California’s large Republican electorate prefers Florida Gov. Ron DeSantis to former President Donald Trump, according to a new poll that captures shifting conservative preferences ahead of a contested presidential primary.
The Berkeley Institute of Governmental Studies poll released Friday suggests many conservatives are ready to move on from the former president and affirms that DeSantis would be the Republican most likely to draw voters from Trump. The tally also contains grim news for Vice President Kamala Harris as voters in the Democrat’s home state remain tepid on her presidential prospects.
Republicans in California would choose DeSantis over Trump in a head-to-head presidential matchup by a resounding 17 points, according to the poll. That advantage shrinks in a Republican field featuring former South Carolina Gov. Nikki Haley and other Republican contenders, but DeSantis still would enjoy a clear advantage over Trump in that scenario. He also has a higher favorability rating among Republicans than the former president.
California’s 5.2 million registered Republican voters could play an outsize role in the Republican presidential primary when they select a presidential candidate next March. The primary offers a prime moment of influence for voters who are often sidelined in the politics of the heavily Democratic state.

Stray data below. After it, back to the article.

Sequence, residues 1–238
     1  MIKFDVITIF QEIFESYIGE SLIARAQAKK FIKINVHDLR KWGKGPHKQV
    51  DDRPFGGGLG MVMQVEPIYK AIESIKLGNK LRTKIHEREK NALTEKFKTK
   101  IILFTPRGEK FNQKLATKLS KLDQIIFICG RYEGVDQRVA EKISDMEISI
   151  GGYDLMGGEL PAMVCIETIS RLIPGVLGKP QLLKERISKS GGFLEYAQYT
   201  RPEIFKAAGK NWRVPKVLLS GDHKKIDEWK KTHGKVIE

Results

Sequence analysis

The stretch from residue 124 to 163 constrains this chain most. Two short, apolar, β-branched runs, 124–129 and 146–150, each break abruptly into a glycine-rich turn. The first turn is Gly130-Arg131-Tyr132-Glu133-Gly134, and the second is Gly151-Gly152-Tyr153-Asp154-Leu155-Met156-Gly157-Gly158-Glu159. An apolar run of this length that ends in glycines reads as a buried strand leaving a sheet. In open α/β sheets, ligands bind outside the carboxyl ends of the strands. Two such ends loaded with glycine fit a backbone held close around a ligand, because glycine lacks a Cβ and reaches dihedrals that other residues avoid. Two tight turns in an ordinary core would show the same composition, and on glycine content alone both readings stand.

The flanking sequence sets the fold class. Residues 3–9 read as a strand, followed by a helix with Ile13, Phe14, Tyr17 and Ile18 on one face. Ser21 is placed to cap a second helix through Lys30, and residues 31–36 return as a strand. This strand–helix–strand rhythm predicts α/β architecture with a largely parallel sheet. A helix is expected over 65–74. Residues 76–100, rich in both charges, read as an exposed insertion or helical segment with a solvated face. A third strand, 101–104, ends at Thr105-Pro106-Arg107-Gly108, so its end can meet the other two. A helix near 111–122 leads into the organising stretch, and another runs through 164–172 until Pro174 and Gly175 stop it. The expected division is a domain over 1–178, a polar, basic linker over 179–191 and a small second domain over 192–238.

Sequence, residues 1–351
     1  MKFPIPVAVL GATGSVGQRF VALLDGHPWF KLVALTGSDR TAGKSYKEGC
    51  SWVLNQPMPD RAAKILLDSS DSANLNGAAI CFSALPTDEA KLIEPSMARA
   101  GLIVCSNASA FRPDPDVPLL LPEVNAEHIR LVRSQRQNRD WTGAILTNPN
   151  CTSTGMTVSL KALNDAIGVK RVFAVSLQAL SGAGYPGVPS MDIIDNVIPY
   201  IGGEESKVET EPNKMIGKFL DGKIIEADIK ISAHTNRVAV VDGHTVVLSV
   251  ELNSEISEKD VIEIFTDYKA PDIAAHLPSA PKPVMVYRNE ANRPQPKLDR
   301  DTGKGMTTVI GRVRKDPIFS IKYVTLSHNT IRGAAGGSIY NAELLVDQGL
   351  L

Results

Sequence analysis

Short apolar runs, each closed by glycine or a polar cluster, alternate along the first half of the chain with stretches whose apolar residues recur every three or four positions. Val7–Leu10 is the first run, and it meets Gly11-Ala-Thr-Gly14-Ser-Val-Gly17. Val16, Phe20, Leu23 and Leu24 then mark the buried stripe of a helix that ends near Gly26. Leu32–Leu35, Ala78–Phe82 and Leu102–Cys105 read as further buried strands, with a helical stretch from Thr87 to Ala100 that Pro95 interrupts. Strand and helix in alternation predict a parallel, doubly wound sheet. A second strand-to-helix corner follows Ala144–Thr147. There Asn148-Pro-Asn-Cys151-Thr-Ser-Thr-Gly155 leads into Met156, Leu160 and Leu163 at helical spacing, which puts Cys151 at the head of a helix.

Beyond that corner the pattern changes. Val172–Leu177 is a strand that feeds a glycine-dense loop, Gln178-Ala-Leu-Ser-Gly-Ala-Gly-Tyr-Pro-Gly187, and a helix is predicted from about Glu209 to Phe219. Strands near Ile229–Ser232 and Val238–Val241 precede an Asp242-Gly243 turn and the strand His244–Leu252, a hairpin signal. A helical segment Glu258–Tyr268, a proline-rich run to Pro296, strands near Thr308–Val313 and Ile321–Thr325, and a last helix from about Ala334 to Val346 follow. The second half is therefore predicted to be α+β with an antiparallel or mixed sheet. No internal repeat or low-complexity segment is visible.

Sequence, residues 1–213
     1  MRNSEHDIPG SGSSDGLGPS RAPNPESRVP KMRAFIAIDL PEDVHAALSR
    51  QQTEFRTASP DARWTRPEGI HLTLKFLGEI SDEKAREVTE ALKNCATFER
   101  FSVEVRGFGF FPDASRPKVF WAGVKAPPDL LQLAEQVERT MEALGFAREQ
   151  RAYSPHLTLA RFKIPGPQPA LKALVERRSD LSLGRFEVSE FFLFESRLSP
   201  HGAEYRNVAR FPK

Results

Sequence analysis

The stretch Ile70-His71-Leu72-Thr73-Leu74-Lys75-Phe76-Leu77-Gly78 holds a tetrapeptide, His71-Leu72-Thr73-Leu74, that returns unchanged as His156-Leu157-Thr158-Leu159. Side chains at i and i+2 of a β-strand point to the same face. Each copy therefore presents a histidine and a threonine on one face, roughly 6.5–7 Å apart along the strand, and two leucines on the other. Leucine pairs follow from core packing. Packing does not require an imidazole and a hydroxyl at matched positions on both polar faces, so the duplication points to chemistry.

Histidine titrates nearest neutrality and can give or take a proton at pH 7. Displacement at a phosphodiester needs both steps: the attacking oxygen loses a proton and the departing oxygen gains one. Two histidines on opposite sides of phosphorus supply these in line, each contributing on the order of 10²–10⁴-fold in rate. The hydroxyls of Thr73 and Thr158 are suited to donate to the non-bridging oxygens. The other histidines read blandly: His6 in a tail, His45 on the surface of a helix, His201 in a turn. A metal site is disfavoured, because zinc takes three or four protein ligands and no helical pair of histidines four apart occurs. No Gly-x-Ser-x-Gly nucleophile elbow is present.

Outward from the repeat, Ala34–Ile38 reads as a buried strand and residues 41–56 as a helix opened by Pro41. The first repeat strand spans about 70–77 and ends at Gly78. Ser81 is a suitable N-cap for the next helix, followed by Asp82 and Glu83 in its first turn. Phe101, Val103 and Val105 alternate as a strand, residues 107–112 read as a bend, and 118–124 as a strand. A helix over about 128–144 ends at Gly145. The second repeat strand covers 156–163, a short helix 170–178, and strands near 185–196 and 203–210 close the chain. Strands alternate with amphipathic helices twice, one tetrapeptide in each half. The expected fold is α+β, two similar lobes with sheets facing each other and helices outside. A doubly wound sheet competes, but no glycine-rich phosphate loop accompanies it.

DeSantis will travel to California next week for a sold-out event at the Ronald Reagan Presidential Library in Simi Valley. After that talk, the governor is scheduled to headline a fundraiser for the Republican Party of Orange County. The county is a former Republican stronghold that has shifted purple in recent years and will host multiple frontline House races in 2024.
California Gov. Gavin Newsom has relentlessly attacked DeSantis, using the Florida governor as a foil for California progressivism — a focus that underscores DeSantis’ position at the center of national Republican politics.
Harris could face a tough path to the presidency if Biden does not seek another term. The poll found a majority of California voters are unenthusiastic about the notion of Harris running in 2024 should Biden bow out — an increasingly unlikely scenario, with First Lady Jill Biden telling the Associated Press on Friday that the president had “pretty much” decided to run again. The vice president showed more strength among Democratic voters, a majority of whom said they were enthusiastic about a possible Harris campaign.
Those California headwinds echo Harris’s humbling 2020 campaign. After an ebullient campaign launch in Oakland, Harris slid behind non-Californian candidates in polls that indicated an inability to consolidate support in her home state. She dropped out before California voted.